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Real ID: Privacy Nightmares

Barry Steinhardt,
Technology & Liberty Program
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January 17, 2006

“Can we all just go home now??” — that was the reaction of an exasperated Illinois DMV official contemplating the real details, difficulties and costs of implementing the Federal “Real ID” law. The law requires the states to issue a uniform national drivers license and join a unified national database containing the personal details of 200 million Americans by 2008.

His frustration was hardly unique. Last week an exclusive story from the Associated Press reported on the details of a remarkable survey of the 50 states by the American Association of Motor Vehicle Administrators.

Cost and complexity may turn out to be the Achilles heel that ultimately dooms the Real ID, but it would be a real nightmare for Americans in much broader ways. The ACLU has created a new web site,, which has the complete state by state survey results, so you can easily check out what’s happening in your state — but also covers the profound effects that Real ID will have on the rights
of all Americans.

Real ID will be a privacy nightmare creating a de facto National ID card and computer database. Among the most disturbing mandates will be the card’s standard “machine readable component” like an RFID chip that it will make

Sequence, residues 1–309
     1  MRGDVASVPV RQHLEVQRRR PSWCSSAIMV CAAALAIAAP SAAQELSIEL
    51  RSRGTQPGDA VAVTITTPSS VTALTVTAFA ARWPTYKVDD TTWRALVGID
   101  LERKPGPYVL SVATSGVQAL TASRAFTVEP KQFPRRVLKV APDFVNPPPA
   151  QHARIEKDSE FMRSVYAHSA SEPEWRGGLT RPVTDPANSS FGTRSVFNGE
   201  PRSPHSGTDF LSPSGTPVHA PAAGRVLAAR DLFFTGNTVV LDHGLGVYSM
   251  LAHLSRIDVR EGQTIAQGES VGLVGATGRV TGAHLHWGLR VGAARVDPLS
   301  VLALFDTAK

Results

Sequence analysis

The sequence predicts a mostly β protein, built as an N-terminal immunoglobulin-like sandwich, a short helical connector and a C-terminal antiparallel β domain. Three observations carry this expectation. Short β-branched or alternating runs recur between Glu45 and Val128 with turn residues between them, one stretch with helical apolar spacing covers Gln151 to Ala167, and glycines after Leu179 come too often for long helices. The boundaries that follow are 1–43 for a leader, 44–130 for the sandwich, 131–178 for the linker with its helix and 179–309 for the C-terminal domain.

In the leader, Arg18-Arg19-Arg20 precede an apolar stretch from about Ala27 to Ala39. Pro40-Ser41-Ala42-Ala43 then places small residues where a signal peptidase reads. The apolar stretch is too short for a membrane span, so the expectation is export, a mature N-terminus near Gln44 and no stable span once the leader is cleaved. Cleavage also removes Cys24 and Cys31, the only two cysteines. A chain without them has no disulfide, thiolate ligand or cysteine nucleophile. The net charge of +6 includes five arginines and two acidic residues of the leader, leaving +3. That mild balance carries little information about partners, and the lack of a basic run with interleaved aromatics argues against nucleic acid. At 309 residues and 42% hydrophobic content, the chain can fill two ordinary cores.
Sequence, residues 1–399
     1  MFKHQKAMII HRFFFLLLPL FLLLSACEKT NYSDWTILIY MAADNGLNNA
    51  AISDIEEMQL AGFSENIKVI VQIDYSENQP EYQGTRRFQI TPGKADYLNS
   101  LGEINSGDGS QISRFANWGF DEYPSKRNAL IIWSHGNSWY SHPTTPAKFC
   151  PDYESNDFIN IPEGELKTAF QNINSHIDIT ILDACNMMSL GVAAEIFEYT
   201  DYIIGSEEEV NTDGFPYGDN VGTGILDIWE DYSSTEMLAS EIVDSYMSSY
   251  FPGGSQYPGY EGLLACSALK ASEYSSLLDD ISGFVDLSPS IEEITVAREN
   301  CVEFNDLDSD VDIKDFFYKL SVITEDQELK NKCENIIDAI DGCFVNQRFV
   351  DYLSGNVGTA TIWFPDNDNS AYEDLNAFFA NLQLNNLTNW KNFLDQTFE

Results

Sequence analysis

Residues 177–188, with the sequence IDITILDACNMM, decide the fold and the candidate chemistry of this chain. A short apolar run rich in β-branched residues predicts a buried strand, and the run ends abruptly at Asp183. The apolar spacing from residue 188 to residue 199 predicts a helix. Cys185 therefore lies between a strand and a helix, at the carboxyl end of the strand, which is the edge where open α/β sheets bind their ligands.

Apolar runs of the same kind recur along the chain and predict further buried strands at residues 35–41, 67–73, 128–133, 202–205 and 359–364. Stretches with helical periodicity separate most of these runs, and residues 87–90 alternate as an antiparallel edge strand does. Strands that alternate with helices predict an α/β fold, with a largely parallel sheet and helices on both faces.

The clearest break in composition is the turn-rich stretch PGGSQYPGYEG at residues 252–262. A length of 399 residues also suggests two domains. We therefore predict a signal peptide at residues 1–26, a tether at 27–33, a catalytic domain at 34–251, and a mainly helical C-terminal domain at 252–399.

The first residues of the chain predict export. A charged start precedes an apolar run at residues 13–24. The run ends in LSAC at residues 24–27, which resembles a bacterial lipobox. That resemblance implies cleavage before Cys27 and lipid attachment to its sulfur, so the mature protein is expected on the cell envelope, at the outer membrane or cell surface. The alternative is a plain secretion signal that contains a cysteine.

its data instantly available to not only every convenience store clerk, but to omnivorous data brokers like Choice Point.

It will be fundamentally unfair to both immigrants and native born Americans who will find themselves unable to jump through all the bureaucratic hurdles and overcome all the mistaken or lost records that will be required to get a driver’s license.

Imagine being a former resident of New Orleans or an asylee from Iran being asked to present one of the few official government documents recognized by Real ID ­ only to learn that have been lost to a hurricane or held by the government that persecuted you.

Real ID is not a done deal. The states are in near rebellion and millions of Americans oppose it. It’s too big and ungainly to mend it. Let’s tell Congress to end it.

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